Home Shop Classified News, Stories Events Education Ridecamp Videos Cartoons AERC
Endurance.Net Home Ridecamp Archives
ridecamp@endurance.net
[Archives Index]   [Date Index]   [Thread Index]   [Author Index]   [Subject Index]

Re: [RC] Training Issue - Kathy Mayeda

Maybe other tools will work - like doing tight circles, leg yielding, lateral work to keep get his mind being focused back on you.  I like the idea of doing small doses of separation, and increasing in length while you're out riding.
 
I tend not to hop off unless absolutely necessary because if the horse is just being dominant, it is reinforcing that behaviour.  However, it's absolutely necessary if it intimidates you because a freaked out person doesn't do anyone any good.  When I was riding with a friend and Drako started to spaz she said that she would have gotten off of him at that moment.  Well, he was able to get me off of him in the past, and I have gotten to know his idiosynchrosies a lot better.  I'm not scared.  He's not doing anything dangerous.  I stay on.  He just learns to deal with it.  Story over.
 
Rearing - I don't know.  Never had a rearing horse.  Bucking horse yes!
 
K.
 
 

 
On Mon, Nov 10, 2008 at 2:54 PM, <Sheila_Larsen@xxxxxxx> wrote:

First, NO do not get on the horse if you don't feel it is safe, repeat do
NOT get on the horse if you don't feel safe.

Secondly, I would strongly suggest that you incorporate TTeam as Naomi
suggested, particularly if you have someone to help you because a person
who has experience with TTeam will make it go much faster.  I would add
another tool which I have found pretty indespensible which is incorporating
clicker training into whatever method you use.  My mare was having a little
bit of a nervous breakdown on a training ride so I hopped off and asked her
to do an exercise called why would you leave me.  It took less than a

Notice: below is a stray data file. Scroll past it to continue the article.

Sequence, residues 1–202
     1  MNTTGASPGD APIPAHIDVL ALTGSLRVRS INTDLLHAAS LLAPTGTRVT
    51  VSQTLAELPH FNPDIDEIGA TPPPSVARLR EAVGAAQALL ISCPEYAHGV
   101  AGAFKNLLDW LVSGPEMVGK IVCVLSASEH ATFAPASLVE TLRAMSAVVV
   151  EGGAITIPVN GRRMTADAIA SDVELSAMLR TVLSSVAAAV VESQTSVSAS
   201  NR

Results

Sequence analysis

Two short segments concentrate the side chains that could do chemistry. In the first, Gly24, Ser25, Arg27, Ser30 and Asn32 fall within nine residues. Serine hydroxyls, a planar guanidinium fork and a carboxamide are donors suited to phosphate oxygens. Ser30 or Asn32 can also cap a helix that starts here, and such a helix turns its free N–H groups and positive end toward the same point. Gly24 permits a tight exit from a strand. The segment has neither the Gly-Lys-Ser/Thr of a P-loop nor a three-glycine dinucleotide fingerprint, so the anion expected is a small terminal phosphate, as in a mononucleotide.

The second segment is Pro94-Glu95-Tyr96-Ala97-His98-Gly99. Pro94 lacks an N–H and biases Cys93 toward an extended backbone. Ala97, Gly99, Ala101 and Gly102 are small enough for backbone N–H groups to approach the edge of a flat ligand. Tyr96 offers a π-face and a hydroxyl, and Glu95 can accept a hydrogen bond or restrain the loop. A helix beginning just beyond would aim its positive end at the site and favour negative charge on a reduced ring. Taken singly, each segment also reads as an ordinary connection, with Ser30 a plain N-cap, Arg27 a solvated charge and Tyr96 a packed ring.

minute and I think she felt so secure doing that exercise that she started
completely focusing on me.  Teaching them to lower their  head also calms
them down.

I might also add that when you leave the other horse you might consider
using a bit of acepromazine on the horse being left.  I use it on my mare
that has separation anxiety when I take the other one away and leave her at
home.  I started out using 3 ccs but got it down to about 1 cc which
probably did more for me than her.  I was just about to stop using it
altogether when I went a long period of time without leaving her alone.  So
I started back with the 3 ccs but I don't think she needs it.  Studies have
shown that horses can learn will under the influence of a small amount of
ace.  Some people may object but it is better than the horse being left
getting hurt, and a small dose (ask the vet) on the horse you are riding
may not hurt either.  It doesn't take the place of training but it may make
the learning happen.  People have told me about horror stories about horses
on ace but you need to make that decision yourself.

 If you have questions about clicker training, feel free to ask.
Thanks,
Sheila


And Allah took a handful of southerly wind, blew His breath over it, and
created the horse.... Thou shall fly without wings, and conquer without any
sword.  Oh, horse.  ~Bedouin Legend


=-=-=-=-=-=-=-=-=-=-=-=-=-=-=-=-=-=-=-=-=-=-=-=-=-=-=-=-=-=-=-=-=-=-=

 Ridecamp is a service of Endurance Net, http://www.endurance.net.
 Information, Policy, Disclaimer: http://www.endurance.net/Ridecamp
 Subscribe/Unsubscribe http://www.endurance.net/ridecamp/logon.asp

 Ride Long and Ride Safe!!

=-=-=-=-=-=-=-=-=-=-=-=-=-=-=-=-=-=-=-=-=-=-=-=-=-=-=-=-=-=-=-=-=-=-=



Replies
[RC] Training Issue, Sheila_Larsen